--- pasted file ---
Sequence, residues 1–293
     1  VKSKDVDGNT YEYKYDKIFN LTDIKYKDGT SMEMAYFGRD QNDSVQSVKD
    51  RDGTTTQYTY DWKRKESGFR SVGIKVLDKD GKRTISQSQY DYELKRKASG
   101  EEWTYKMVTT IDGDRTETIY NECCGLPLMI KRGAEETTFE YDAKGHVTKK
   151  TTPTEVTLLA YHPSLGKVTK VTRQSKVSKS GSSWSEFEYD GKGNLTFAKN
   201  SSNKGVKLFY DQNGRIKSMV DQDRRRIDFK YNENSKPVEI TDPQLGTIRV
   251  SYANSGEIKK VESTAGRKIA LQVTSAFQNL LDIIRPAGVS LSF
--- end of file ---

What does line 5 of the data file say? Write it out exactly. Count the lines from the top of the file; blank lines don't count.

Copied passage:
   151  TTPTEVTLLA YHPSLGKVTK VTRQSKVSKS GSSWSEFEYD GKGNLTFAKN